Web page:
Grass Roots Politics: Parties, Issues, and Voters, 1854-1983

By Richard J. Jensen; Steven L. Piott et al. | Go to book overview

IV
SUGGESTED FOLLOWUP

The best way to learn about the history of grass roots politics is to read old newspapers. Most college libraries have microfilm files of the New York Times often extending back to before the Civil War. These have a printed index that simplifies searching. Local newspaper files are usually available, too -- check the public library or local historical society.

Books that try to encompass American political history concentrate on the big men and big ideas at the national level. Good collections of articles which breach this limitation are F. A. Bonadio, ed., Political Parties in American History, vol. 2, 1828-1890 ( New York, 1973); Paul L. Murphy, ed., Political Parties in American History, vol. 3, 1890-Present ( New York, 1973); and Frank Otto Gatell, et al., eds., The Growth of American Politics, 2 vol. ( New York, 1972). The best summary of recent scholarship is Paul Kleppner et al., The Evolution of American Electoral Systems ( Westport, Conn., 1981). Seymour Martin Lipset, ed., Party Coalitions in the 1980s ( San Francisco, 1981) includes both a full historical treatment and extensive analyses of recent politics. A short, very broad overview that emphasizes ethnicity is Robert Kelley, "Ideology and Political Culture from Jefferson to Nixon," American Historical Review 82 ( June, 1977), 531-82.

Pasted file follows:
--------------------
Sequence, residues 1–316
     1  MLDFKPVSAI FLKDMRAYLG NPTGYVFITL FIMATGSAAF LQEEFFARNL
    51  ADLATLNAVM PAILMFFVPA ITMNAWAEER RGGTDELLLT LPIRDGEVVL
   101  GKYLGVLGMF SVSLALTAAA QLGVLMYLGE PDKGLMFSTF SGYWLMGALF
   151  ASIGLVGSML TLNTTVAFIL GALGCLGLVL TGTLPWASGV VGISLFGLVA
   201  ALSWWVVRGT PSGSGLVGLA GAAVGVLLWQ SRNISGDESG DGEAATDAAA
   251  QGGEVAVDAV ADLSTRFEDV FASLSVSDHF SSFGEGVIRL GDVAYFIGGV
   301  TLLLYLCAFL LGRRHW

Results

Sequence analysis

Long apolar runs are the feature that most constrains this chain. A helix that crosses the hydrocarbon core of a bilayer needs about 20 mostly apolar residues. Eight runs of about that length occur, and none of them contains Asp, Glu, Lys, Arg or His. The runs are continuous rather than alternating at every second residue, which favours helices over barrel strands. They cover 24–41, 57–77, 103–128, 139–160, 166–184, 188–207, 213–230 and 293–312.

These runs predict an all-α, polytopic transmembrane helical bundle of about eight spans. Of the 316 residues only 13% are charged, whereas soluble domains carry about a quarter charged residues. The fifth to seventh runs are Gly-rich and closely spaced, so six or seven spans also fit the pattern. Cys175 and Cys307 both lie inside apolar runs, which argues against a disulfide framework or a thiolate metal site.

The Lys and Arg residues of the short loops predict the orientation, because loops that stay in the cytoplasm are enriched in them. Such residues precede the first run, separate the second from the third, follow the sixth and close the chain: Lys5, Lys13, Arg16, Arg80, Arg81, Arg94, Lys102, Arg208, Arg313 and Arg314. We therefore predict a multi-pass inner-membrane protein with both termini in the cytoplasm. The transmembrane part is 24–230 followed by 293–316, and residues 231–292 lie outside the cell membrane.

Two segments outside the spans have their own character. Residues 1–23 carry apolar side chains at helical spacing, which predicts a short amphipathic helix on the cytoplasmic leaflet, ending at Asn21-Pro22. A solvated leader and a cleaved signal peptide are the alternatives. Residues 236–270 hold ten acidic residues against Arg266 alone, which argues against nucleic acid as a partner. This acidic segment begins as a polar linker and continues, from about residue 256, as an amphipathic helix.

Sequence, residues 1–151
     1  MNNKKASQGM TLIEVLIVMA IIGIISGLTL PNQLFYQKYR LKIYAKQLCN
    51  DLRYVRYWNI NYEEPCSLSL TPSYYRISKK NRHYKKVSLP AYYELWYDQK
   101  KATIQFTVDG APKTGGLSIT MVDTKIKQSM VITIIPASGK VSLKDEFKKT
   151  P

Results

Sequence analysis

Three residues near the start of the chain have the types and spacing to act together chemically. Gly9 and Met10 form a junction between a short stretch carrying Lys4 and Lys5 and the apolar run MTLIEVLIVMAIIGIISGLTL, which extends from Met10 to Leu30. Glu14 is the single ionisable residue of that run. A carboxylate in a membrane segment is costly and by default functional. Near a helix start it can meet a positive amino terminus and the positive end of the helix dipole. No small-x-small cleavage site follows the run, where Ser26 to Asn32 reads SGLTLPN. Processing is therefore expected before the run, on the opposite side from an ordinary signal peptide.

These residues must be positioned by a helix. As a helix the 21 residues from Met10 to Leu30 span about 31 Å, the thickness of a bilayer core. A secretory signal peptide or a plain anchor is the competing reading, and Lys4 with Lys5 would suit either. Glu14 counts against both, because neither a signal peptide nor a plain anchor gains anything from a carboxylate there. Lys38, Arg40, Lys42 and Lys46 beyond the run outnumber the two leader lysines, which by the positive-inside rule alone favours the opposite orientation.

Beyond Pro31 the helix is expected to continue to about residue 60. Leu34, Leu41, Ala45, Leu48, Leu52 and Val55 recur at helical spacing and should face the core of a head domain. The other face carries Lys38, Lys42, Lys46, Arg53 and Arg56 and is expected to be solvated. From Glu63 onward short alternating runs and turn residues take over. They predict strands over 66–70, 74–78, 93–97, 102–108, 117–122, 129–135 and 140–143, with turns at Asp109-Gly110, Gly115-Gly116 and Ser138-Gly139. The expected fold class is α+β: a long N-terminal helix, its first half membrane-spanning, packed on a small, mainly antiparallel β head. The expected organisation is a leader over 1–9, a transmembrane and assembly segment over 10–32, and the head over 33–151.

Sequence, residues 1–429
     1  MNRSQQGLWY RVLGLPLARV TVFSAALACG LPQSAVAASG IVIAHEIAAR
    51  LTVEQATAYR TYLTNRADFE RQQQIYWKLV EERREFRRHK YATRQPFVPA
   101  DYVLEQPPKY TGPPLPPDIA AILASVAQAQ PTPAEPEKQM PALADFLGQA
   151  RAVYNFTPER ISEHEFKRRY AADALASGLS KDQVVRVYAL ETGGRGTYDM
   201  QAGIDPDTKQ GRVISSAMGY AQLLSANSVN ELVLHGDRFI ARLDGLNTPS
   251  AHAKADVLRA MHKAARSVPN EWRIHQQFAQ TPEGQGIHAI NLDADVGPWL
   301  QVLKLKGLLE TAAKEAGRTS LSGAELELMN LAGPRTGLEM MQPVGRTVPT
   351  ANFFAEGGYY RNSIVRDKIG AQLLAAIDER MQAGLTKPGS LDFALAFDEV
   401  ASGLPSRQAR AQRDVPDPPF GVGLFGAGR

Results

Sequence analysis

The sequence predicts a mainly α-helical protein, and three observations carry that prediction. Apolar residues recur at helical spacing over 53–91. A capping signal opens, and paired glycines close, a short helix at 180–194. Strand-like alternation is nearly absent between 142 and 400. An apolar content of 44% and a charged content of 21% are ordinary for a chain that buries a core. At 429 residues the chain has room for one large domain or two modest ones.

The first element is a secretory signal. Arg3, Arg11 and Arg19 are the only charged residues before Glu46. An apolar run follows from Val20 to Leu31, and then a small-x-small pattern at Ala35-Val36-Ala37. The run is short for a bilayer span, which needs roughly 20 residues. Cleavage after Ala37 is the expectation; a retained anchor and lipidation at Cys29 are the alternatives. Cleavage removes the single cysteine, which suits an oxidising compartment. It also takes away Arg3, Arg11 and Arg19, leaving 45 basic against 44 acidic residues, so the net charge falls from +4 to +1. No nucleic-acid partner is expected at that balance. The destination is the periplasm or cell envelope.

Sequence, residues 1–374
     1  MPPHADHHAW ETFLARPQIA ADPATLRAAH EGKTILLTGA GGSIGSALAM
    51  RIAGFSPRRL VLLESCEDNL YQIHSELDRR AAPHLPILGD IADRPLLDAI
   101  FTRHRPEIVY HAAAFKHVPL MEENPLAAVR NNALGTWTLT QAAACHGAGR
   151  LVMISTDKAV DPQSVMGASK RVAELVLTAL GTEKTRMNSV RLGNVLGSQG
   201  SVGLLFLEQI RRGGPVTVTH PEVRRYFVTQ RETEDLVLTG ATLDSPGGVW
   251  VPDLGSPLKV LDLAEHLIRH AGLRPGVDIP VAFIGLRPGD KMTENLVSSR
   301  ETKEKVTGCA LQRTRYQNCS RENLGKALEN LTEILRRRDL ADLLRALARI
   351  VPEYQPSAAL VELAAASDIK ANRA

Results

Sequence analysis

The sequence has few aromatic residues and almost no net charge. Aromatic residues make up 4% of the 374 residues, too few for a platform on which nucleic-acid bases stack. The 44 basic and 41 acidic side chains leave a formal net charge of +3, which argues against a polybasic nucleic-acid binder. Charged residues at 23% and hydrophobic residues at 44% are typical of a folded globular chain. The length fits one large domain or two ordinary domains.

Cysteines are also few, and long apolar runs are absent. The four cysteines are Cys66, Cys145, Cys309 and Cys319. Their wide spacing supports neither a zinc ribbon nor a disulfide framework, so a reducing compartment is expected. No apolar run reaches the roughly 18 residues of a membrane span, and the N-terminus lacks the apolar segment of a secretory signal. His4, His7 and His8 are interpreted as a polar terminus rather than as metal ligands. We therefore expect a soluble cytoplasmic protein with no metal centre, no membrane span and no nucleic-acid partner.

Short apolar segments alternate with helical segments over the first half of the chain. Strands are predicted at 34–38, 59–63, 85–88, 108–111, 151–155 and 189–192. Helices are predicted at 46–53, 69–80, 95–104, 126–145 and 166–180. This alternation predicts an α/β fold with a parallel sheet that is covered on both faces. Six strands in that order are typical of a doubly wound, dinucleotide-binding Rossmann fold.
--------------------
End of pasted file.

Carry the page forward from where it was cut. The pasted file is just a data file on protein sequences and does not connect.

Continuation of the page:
On nineteenth century politics, the best introduction is Morton Keller, Affairs of State: Public Life in Nineteenth Century America ( Cambridge, 1977). Ethno-religious forces and campaign techniques at the state level are emphasized in Richard Jensen, The Winning of the Midwest: Social and Political Conflict, 1888-1896 ( Chicago, 1971). Excellent detail on the big city machine appears in Zane Miller, Boss Cox's Cincinnati ( New York, 1968). Lawrence Goodwyn, "Populist Dreams and Negro Rights: East Texas as a Case Study," American Historical Review 76 ( December, 1971), pp. 1435-56, is a splendid investigation of the Populist movement at the local level.

Grass roots politics in the twentieth century can be followed at the state

-173-

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Grass Roots Politics: Parties, Issues, and Voters, 1854-1983
Table of contents

Table of contents

  • Title Page iii
  • Contents vii
  • Illustrations and Tables ix
  • I- The Votes, Modern and Traditional- Ethnicity, Religion, Race, and Class 3
  • II- The Political Party- From Traditional to Modern Base 29
  • III- Documents 59
  • IV- Suggested Followup 173
  • Index 177
  • About the Contributors 181
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